Put them together and they’re like two-thirds of the Stooges, especially when they head to Los Angeles in an array of ridiculous costumes and absurd wigs (no less realistic than the show’s general ’70s hair and makeup and costumes) . It’s a funny treatment of these characters without being an insightful treatment.

None of this is noticeably different from the manic parade of idiots and villains at the center of HBOs Veep, training ground for Mandel, Gregory and Huyck. Perhaps the criticism is less provocative because the facts are so familiar and established? Perhaps the Beltway madhouse is more exhausting due to the decision to ramp up the story to five hour-long episodes?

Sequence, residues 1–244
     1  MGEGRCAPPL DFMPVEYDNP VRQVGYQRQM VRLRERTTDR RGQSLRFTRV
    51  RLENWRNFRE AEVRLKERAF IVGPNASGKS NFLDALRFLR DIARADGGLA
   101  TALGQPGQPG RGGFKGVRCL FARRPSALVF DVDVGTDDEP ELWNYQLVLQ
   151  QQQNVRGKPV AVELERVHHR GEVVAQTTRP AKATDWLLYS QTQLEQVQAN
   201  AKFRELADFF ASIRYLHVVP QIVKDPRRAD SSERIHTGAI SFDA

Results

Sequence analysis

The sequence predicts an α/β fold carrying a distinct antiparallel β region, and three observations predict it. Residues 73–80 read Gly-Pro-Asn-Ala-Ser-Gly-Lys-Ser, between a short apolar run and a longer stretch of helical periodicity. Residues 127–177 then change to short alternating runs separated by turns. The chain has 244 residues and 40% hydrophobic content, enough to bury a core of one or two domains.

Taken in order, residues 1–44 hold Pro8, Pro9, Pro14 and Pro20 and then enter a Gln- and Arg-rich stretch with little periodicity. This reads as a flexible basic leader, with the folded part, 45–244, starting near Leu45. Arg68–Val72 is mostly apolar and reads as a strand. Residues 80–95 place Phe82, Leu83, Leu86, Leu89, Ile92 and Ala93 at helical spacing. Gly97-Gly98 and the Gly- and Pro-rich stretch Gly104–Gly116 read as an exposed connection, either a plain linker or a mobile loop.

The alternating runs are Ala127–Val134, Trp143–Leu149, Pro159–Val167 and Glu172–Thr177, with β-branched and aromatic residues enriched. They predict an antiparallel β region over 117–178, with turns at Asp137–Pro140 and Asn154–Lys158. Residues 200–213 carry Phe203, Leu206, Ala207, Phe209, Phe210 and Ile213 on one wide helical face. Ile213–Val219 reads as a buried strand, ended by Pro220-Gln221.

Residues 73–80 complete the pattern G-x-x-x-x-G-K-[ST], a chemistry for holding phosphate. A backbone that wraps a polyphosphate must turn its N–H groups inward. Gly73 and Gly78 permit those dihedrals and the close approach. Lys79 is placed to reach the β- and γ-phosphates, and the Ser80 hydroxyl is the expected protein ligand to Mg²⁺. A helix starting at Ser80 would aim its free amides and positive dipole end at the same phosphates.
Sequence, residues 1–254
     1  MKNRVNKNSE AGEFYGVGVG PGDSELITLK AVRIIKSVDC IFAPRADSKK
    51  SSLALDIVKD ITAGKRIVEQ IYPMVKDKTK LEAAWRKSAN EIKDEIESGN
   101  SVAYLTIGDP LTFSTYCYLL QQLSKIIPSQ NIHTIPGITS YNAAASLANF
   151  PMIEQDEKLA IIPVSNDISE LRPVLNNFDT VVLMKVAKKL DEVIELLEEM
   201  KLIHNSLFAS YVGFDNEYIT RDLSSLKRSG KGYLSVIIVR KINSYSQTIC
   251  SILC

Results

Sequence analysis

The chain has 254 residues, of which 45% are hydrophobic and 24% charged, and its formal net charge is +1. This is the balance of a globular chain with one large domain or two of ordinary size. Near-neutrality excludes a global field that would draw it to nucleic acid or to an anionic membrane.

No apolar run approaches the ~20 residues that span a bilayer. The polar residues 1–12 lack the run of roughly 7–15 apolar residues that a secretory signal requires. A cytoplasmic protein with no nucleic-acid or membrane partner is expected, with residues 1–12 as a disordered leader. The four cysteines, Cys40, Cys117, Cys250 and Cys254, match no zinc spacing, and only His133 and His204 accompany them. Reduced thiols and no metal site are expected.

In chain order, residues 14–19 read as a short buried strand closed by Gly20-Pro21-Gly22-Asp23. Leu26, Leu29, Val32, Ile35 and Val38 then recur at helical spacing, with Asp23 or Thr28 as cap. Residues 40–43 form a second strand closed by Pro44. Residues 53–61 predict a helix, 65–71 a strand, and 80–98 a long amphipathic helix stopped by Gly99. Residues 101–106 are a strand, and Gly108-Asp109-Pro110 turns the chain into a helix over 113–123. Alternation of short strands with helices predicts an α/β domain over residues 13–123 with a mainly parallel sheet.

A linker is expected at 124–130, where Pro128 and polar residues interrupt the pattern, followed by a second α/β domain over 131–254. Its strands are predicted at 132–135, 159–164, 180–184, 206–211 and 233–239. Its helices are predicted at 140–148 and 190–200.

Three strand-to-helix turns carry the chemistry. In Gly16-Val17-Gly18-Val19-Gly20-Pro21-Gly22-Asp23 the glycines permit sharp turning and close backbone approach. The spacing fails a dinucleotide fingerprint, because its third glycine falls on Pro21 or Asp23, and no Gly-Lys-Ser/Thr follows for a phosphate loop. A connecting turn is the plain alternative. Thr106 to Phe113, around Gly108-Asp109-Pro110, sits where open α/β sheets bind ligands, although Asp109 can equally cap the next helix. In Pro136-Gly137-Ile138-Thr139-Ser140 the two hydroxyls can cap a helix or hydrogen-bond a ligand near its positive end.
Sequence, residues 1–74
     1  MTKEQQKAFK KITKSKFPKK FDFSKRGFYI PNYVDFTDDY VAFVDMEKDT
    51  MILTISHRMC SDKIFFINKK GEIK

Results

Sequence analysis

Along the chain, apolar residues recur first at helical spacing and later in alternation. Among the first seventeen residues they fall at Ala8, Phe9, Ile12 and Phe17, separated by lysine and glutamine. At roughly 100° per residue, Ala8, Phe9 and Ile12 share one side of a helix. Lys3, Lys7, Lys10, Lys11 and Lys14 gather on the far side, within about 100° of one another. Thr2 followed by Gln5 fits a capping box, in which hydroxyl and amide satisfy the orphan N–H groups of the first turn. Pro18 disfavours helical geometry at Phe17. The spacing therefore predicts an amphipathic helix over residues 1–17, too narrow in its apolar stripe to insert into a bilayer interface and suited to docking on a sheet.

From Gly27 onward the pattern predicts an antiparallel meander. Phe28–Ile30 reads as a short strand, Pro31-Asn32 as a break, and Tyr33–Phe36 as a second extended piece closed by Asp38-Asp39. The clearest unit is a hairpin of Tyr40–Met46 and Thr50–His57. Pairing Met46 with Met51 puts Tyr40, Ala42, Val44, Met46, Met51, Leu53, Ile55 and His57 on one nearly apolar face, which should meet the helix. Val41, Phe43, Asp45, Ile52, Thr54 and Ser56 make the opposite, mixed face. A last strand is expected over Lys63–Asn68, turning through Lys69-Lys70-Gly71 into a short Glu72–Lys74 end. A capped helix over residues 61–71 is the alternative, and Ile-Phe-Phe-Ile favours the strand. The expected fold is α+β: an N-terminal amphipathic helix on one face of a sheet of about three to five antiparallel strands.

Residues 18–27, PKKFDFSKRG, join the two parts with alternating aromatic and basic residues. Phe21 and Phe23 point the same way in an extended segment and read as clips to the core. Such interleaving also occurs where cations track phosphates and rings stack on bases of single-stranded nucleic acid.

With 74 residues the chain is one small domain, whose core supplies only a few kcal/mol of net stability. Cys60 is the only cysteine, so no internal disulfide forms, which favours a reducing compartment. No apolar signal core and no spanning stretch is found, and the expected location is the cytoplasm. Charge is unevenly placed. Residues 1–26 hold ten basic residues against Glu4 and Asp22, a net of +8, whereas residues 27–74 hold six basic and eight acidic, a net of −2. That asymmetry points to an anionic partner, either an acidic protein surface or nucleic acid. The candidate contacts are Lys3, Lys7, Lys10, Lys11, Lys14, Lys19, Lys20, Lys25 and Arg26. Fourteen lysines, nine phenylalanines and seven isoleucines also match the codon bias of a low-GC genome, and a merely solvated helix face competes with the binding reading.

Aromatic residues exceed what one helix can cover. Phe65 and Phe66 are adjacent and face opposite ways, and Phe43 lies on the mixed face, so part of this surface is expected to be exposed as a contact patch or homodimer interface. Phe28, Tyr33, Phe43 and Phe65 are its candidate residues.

By the end of an hour I was exhausted from the hijinks. By the end of two hours, after thoroughly reenacting every failed Watergate break-in, I was looking for something that resembled a stationary center of this crazy universe. By the end of three hours, I’d identified Headey’s bright and capable Dorothy as the only character here worth rooting for – as a more deadly version of Martha Mitchell, the focus of Starz’s recent effort to portray Watergate. like a scandal fueled by buffoons. And by the end of the fourth episode, I was actively angry at the slightly cheesy laugh that accompanied Dorothy and her real fate.